Regarding the price… the SS planer, as you know, isn’t a “cheap” tool. But, as they say, buy well the first time and you’ll only cry once. With that said, do your homework and compare the SS planer to comparable planers on the market and you’ll see that you get a heck of a lot of planer for the price!

-- † Hops †

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8iowa

1495 posts in 2512 days


#4 posted 02-29-2008 05:11 AM

I have the Shopsmith Pro planer. This is probably the best “finefinish” planer on the market. As stated in the review, the feed motor is separate. Actually it is a DC motor with infinitely variable speed, giving you feed rates between 7 and 20 feet per minute. Unlike many “lunch box” planers it has four jack screws. The cutter is stationary – very firmly a part of the main housing. The table raises and lowers. The Pro Planer is powered with a 1 3/4 HP induction motor – not a cheaper universal motor as found on most bench top planers.

It’s also made in the USA. That’s not too bad either.

-- "Heaven is North of the Bridge"

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Shopsmithtom

780 posts in 2945 days


#5 posted 04-02-2008 03:35 PM

I’m glad I saw this review. I have watched SS planers sell on ebay and always wondered why they brought more than comparable size planers. Now I know. It’s not just the size, it’s the mechanics. Thanks for the info. -SST

-- Accuracy is not in your power tool, it's in you

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8iowa

1495 posts in 2512 days


#6 posted 11-09-2008 10:24 PM

See the Shopsmith Pro Planer in operation;
http://www.shopsmithacademy.com/SS_Archives/SS105/SS105_Planing_Procedures.htm

-- "Heaven is North of the Bridge"

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8iowa

1495 posts in 2512 days


#7 posted 01-02-2009 02:20 AM

I just made a finger joint jig. One of the most critical aspects of this type of jig is that the “stud” must be precisely the same width as the slot cut by the dado blade. I made a 3/8 stud out of hard maple. After cutting my stock it to rough dimensions, I proceeded to plane it down in my Pro-Planer. As I got close to 3/8” I slowed the feed motor down to a crawl. I was actually able to mill off 2 thousands at a time, repeatably, on the Pro-Planer, until the stud fit the milled slot perfectly. Amazing precision!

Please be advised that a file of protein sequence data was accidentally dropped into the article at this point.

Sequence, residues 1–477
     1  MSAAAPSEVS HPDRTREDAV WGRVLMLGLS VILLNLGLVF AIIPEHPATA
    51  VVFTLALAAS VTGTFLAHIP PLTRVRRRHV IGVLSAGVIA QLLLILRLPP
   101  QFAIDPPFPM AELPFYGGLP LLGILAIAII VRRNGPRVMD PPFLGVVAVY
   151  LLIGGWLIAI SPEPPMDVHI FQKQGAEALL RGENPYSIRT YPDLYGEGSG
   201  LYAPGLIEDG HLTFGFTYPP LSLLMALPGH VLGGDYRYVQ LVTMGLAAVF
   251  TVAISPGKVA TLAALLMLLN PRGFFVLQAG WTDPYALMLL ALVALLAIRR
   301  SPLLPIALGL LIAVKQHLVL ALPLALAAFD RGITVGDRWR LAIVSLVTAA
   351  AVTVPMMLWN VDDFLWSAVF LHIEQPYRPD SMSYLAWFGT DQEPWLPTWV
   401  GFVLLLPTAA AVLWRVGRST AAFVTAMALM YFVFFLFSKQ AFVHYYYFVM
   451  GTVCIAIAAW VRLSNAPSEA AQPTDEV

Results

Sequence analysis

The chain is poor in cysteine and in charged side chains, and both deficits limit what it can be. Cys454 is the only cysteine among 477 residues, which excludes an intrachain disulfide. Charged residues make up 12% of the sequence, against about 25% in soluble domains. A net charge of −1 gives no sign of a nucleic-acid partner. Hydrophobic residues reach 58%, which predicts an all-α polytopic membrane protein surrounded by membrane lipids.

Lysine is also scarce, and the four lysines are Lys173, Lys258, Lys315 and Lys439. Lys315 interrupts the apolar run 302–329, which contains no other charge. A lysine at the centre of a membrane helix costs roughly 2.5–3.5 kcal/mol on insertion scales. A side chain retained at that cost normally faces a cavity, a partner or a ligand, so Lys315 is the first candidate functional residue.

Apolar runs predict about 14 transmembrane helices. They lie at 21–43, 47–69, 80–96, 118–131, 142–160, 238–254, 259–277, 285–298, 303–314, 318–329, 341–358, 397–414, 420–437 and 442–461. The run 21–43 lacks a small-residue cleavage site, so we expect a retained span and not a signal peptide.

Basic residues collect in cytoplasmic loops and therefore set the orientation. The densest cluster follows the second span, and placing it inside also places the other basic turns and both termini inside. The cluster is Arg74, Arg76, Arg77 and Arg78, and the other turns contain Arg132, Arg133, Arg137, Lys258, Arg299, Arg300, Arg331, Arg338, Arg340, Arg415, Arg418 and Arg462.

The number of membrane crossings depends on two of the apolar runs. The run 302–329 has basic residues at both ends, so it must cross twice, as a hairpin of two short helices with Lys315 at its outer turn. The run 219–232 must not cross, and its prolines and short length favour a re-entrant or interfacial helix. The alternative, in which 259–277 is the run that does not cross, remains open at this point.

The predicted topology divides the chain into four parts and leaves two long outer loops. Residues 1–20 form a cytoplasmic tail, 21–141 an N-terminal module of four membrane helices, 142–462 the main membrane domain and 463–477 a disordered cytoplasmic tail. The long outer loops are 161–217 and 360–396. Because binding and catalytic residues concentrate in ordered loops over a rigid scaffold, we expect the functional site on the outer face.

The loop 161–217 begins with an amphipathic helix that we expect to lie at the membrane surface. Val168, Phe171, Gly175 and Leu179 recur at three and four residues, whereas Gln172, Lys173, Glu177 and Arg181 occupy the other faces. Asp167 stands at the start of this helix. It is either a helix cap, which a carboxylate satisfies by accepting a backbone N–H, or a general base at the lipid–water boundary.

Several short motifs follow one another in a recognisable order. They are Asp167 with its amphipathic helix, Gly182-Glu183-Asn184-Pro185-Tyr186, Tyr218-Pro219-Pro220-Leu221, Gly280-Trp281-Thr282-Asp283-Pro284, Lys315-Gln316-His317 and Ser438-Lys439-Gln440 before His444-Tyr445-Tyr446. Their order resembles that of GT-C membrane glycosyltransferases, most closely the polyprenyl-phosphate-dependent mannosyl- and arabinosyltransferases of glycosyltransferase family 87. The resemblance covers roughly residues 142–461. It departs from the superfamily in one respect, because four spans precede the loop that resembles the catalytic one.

-- "Heaven is North of the Bridge"

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jnimz

35 posts in 2177 days


#8 posted 01-13-2009 11:40 PM

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dusty2

319 posts in 2180 days


#9 posted 01-14-2009 12:56 AM

I am a frequent user of the Shopsmith Pro Planer and it has never let me down. In fifteen + years all I have done is sharpen the blades and clean out the sawdust and shavings. Oh yeah, I wax the daylights out of the table three or four times a year.

I don’t send the blades out to be sharpened. I do that using a special jig and the Shopsmith Mark 5 or on the Power Station. I have two sets of blades that I cycle through this process, as required. But in these many years I have yet to sharpen the life out of these blades.

Now it is only fair to say that I plane very little reclaimed lumber and I never plane without checking for embedded metal. I don’t use much lumber from the box stores but when I do and I find tags put on with staples – I make mental note. That is not where I want to buy lumber frequently.

-- Making Sawdust Safely

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deeman

374 posts in 1831 days


#10 posted 12-24-2009 05:26 AM

I bought my SS Pro Planer in 1988. It is still going strong.

-- Dennis Trenton Ohio And life is worth the living just because He lives!

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chickenguru

45 posts in 1744 days


#11 posted 03-18-2010 01:38 AM

I also will now be looking for this addition to my SS. had not planed on it before,thanks for the review

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Big_Eddy

57 posts in 1632 days


#12 posted 10-09-2010 11:04 PM

My son came home with a SS Planer.. I know it not Christmas yet for all of you.. but.. It’s my Christmas.. I love the review and I have the best son ever. Hope you’re all jealous… he also brought home over 200 bd ft of black walnut, spalted oak and chestnut… now I bet you’re jealous… What a great son I have…

-- If i'd a knowed you coulda goed I'd a seen you gotta went